‘Every time he hears the word ‘Jew’, he’s ready to punch someone,” F. Murray Abraham told The Jewish Week in an interview about the title character he plays in “Nathan the Wise,” now running at the Classic Stage Company. But it is the character’s Jewish faith that keeps his anger in check.
Religion may be getting a bad rap these days, with a rising percentage of Americans who describe themselves as atheists, according to the 2015 Pew Survey, “America’s Changing Religious Landscape.” But ambivalence about organized religion has deep roots in Western culture, beginning in the Enlightenment, when a growing faith in science and rationality replaced, for many, an attachment to religious beliefs and practices, which were seen as too often leading to fanaticism, hatred and violence.
In Gotthold Ephraim Lessing’s 1779 masterpiece, “Nathan the Wise,” the title character, based on Lessing’s friend, the Jewish philosopher Moses Mendelssohn, seeks to end religious intolerance by reconciling the followers of the three Abrahamic faiths. A staple of college courses in European history, “Nathan the Wise” is not well known outside the academy. That may change with this new production, starring the redoubtable Abraham as Nathan.
Set in Jerusalem in the 12th century, during the Third Crusade, “Nathan the Wise” centers on a rich Jewish merchant whose wife and seven sons have all been massacred by Christians. Upon his return from a business trip, Nathan learns that his adopted daughter, Recha (Erin Neufer), has almost perished in a fire; she was saved from the flames by a Knight Templar (Stark Sands). Last minute rescues have abounded; the Christian Soldier had himself been spared from death at the last moment by the ruling sultan, Saladin (Austin Durant), because of his resemblance to the sultan’s deceased brother.
But soon it is Nathan himself whose life is in peril, because the powerful Christian Patriarch (Caroline Lagerfelt) accuses him of raising Recha, who was born Christian, as a Jew. Family relationships get increasingly complex as the play goes on, as characters of different religions discover, to their astonishment, that they are actually related to each other by blood.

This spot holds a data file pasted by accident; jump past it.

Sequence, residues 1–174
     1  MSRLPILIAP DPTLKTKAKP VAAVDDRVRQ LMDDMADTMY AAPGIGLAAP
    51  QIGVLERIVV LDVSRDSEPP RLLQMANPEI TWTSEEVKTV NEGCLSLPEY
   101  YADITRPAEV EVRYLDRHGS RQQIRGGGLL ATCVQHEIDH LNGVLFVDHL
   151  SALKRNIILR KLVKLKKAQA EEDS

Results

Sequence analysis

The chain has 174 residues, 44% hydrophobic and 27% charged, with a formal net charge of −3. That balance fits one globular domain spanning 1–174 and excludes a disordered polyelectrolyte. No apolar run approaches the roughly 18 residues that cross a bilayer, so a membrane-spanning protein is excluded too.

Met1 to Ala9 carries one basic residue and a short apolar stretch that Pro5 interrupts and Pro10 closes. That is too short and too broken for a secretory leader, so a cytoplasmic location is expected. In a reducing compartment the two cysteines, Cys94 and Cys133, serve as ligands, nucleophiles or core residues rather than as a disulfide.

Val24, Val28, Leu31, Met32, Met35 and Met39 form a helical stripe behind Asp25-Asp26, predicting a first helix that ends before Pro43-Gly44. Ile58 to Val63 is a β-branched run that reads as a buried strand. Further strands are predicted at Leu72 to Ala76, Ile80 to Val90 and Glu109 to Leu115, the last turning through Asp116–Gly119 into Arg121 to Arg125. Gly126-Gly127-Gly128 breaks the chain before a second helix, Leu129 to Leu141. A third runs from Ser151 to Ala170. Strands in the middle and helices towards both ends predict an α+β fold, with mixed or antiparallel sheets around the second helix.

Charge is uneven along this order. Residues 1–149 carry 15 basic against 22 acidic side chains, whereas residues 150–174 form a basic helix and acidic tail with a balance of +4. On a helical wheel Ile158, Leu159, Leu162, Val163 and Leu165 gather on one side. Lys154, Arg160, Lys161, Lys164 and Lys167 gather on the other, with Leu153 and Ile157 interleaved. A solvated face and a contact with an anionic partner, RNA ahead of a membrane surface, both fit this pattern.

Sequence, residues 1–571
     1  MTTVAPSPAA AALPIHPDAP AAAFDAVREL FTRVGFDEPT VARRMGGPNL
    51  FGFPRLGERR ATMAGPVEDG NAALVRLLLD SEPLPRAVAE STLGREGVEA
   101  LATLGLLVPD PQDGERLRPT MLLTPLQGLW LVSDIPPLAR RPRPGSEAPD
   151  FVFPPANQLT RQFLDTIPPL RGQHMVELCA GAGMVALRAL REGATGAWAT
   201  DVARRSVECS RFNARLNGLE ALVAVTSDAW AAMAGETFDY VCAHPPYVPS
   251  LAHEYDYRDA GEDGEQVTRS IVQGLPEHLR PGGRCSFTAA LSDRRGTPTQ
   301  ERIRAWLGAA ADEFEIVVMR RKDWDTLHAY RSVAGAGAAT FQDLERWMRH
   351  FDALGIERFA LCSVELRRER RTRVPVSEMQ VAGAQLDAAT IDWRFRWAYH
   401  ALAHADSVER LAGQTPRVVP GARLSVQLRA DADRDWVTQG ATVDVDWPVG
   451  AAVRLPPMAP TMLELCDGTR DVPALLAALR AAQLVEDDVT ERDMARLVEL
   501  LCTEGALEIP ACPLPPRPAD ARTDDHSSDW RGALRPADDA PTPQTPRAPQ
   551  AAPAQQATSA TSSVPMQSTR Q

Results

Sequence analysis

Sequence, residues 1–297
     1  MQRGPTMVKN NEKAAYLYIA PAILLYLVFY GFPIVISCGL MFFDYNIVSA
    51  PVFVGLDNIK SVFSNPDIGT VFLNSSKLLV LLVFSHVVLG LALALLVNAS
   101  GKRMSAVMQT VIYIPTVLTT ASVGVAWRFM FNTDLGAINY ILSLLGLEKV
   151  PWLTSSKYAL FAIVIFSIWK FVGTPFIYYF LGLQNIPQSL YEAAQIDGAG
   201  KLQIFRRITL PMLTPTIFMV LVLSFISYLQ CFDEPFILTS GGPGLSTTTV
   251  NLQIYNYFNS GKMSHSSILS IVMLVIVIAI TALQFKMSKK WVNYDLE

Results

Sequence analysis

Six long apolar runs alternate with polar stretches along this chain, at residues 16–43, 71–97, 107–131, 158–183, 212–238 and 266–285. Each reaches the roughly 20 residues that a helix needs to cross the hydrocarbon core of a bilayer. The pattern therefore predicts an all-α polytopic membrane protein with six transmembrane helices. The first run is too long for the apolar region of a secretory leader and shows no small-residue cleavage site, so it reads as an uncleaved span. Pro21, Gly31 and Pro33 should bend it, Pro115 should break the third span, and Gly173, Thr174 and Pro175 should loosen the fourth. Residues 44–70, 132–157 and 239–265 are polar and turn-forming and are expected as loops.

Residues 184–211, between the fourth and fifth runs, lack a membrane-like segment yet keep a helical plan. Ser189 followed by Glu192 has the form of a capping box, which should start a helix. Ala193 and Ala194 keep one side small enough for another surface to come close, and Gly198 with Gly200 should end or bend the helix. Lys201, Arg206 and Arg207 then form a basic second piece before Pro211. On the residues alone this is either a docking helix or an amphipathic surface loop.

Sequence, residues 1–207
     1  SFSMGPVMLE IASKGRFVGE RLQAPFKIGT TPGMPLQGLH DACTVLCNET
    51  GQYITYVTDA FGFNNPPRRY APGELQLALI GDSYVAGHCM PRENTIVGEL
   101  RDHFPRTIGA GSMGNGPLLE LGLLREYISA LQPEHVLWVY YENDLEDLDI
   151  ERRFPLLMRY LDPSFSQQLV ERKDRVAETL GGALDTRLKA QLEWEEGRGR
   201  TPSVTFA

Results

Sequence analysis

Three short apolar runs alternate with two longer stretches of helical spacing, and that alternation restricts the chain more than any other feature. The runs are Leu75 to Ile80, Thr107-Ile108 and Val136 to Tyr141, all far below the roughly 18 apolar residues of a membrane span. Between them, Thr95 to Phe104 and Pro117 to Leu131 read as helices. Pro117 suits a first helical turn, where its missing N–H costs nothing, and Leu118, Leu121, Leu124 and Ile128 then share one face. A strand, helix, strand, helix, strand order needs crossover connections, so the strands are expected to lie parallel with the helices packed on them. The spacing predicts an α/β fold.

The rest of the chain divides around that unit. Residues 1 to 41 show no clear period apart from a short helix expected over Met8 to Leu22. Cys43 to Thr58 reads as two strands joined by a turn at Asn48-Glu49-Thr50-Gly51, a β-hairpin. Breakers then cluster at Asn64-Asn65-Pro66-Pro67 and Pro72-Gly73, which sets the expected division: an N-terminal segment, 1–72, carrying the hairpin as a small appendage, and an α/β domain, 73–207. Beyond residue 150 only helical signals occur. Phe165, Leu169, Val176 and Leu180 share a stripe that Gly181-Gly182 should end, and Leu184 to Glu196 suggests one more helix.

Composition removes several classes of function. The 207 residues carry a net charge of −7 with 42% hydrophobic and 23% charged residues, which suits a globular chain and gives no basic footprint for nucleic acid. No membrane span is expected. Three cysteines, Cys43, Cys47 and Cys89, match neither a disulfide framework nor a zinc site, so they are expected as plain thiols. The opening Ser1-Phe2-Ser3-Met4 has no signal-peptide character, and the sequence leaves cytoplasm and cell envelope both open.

The play’s highlight is a scene between Nathan and Saladin, in which Nathan tells a parable about a father who, rather than confer his blessing on just one of his three sons, has three identical golden rings made. Each son must endeavor to show that he is the chosen one by the morality of his behavior; in the same way, each of the major monotheistic faiths, rather than seeking superiority or dominance over the other two, must be a shining example of tolerance.
In an interview, Abraham told The Jewish Week that he views his character as a bundle of suppressed rage. “Nathan works very hard at containing himself; the source of his strength and power is his faith. But he also realizes that people of different faiths can coexist and that rationality can get you beyond revenge and ancient battles.”
Abraham has played many major Jewish roles on stage; he starred in “The Jew of Malta” and “The Merchant of Venice” in repertory in 2007. Shylock and Nathan are similar, he pointed out, in their frustration at not being seen as human by the non-Jews around them. But the actor, who hails from a Syrian Christian background, also sees parallels between the play and the contemporary situation in Syria. “Syrian Christians are being murdered these days,” he noted. “The play has personal meaning for me. People are being killed because others cannot accept that someone else’s God can be legitimate.”
Brian Kulick, who is about to step down after a dozen years as the artistic director of the Classic Stage Company, directs the production. He sees Nathan as coming back to life, in a sense, after his family is murdered. “The gift of this new daughter re-enchants his world,” Kulick told The Jewish Week. “He’s willing to fight and argue as ferociously as the next person, but that’s not the zip code that he wants to live in.”